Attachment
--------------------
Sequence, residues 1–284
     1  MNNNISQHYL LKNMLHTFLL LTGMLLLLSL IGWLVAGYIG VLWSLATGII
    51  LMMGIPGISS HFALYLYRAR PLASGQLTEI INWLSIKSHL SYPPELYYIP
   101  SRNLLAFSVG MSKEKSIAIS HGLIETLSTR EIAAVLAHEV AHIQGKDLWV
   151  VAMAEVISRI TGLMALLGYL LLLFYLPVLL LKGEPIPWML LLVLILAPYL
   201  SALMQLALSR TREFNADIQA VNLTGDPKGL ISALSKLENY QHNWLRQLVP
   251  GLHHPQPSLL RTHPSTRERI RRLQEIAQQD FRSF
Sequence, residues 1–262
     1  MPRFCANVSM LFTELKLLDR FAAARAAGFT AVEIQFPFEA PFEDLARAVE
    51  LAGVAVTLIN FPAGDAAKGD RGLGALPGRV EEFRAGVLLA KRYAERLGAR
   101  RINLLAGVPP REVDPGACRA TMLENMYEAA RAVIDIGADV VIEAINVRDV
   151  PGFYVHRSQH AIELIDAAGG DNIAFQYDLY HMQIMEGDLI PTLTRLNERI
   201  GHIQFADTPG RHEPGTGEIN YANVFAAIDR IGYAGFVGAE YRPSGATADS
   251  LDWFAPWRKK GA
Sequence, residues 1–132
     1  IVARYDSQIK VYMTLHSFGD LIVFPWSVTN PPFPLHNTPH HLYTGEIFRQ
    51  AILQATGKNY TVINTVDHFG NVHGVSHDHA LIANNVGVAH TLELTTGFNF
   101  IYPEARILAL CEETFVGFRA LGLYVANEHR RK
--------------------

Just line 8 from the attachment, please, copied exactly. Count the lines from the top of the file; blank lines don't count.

Sequence, residues 1–262